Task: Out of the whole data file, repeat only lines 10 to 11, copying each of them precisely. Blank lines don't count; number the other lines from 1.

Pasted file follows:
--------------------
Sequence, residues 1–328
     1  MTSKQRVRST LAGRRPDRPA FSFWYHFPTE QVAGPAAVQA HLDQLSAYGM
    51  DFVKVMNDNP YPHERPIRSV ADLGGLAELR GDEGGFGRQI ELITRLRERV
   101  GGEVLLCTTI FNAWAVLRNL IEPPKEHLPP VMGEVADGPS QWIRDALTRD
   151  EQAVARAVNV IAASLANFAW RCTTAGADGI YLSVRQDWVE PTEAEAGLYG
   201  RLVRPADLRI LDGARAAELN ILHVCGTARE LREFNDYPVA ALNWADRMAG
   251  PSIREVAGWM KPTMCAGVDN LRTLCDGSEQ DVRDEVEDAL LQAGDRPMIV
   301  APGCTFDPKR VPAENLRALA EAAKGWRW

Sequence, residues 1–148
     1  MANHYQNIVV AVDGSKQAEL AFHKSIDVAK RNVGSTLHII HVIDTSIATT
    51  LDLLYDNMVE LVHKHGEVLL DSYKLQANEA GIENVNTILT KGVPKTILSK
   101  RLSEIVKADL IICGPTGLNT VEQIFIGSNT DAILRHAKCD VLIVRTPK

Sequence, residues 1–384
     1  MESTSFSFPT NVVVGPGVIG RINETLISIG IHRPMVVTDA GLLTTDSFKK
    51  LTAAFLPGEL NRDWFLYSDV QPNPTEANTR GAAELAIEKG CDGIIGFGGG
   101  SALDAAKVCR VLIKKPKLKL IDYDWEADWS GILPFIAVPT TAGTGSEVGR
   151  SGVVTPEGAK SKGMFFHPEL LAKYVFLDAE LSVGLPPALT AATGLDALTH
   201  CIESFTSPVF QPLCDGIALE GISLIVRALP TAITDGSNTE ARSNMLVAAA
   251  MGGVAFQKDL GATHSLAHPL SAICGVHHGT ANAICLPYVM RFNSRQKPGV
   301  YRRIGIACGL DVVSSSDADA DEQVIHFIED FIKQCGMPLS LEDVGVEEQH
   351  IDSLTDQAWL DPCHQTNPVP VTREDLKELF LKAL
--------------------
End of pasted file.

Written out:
     1  MANHYQNIVV AVDGSKQAEL AFHKSIDVAK RNVGSTLHII HVIDTSIATT
    51  LDLLYDNMVE LVHKHGEVLL DSYKLQANEA GIENVNTILT KGVPKTILSK